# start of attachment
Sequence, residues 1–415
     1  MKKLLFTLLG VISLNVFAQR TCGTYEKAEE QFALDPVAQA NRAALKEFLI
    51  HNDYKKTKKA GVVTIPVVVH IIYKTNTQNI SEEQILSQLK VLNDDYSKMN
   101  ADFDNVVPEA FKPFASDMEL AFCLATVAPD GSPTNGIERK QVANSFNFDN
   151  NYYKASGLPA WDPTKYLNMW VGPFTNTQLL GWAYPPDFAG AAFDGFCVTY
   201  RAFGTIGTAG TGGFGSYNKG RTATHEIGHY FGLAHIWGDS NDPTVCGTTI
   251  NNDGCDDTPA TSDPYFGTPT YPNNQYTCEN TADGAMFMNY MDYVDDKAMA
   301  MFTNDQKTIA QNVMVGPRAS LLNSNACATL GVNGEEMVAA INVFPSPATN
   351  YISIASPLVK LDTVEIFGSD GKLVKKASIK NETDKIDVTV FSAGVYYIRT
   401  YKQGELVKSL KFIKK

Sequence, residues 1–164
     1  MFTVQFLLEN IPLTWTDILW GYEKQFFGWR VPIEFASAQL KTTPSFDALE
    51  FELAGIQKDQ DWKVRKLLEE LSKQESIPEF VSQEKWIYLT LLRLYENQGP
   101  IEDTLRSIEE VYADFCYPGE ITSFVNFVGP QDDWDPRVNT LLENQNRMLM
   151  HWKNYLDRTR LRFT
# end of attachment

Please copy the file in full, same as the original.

Sequence, residues 1–415
     1  MKKLLFTLLG VISLNVFAQR TCGTYEKAEE QFALDPVAQA NRAALKEFLI
    51  HNDYKKTKKA GVVTIPVVVH IIYKTNTQNI SEEQILSQLK VLNDDYSKMN
   101  ADFDNVVPEA FKPFASDMEL AFCLATVAPD GSPTNGIERK QVANSFNFDN
   151  NYYKASGLPA WDPTKYLNMW VGPFTNTQLL GWAYPPDFAG AAFDGFCVTY
   201  RAFGTIGTAG TGGFGSYNKG RTATHEIGHY FGLAHIWGDS NDPTVCGTTI
   251  NNDGCDDTPA TSDPYFGTPT YPNNQYTCEN TADGAMFMNY MDYVDDKAMA
   301  MFTNDQKTIA QNVMVGPRAS LLNSNACATL GVNGEEMVAA INVFPSPATN
   351  YISIASPLVK LDTVEIFGSD GKLVKKASIK NETDKIDVTV FSAGVYYIRT
   401  YKQGELVKSL KFIKK

Sequence, residues 1–164
     1  MFTVQFLLEN IPLTWTDILW GYEKQFFGWR VPIEFASAQL KTTPSFDALE
    51  FELAGIQKDQ DWKVRKLLEE LSKQESIPEF VSQEKWIYLT LLRLYENQGP
   101  IEDTLRSIEE VYADFCYPGE ITSFVNFVGP QDDWDPRVNT LLENQNRMLM
   151  HWKNYLDRTR LRFT